Therefore all things without exception honour the Tao and exalt its outflowing operation.
This honouring of the Tao and exalting of its operation is not the result of any ordination, but always a spontaneous tribute.
Thus it is that:
                             2.            the Tao produces all things, nourishes them, brings them to their full growth, nurses them, completes them, matures them, maintains them and overspreads them.
                             3.            It produces them and does not claim them;
it carries them through their processes and does not boast;
it brings them to maturity and exercises no control over them.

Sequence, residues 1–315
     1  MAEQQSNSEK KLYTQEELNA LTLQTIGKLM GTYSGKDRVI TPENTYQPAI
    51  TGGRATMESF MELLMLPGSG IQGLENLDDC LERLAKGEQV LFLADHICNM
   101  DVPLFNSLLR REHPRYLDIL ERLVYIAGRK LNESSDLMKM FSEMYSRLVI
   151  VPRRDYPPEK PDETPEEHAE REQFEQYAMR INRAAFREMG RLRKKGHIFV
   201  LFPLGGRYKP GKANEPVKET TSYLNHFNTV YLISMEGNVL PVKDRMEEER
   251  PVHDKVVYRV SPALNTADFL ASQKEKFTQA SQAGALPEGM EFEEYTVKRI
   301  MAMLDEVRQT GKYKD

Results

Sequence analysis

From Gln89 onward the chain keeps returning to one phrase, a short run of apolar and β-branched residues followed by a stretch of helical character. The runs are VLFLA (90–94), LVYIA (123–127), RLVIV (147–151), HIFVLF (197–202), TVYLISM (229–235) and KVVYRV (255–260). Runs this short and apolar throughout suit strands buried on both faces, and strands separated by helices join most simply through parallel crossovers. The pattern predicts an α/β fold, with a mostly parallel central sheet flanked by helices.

4.            This is called its mysterious operation.
LII.             
                             1.            The Tao which originated all under the sky is to be considered as the Mother of them all.
                             2.            When the mother is found, we know what her children should be. When one knows that he is his mother's child, and proceeds to guard the qualities of the mother that belong to him, to the end of his life he will be free from peril.
                             3.            Let him keep his mouth closed, and shut up his nostrils, and all his life he will be exempt from laborious exertion.
Keeping his mouth open and spending his breath in the promotion of his affairs, all his life there will be no safety for him.
                             4.            The perception of what is small is the secret of clear-sightedness;
the guarding of what is soft and tender is the secret of strength.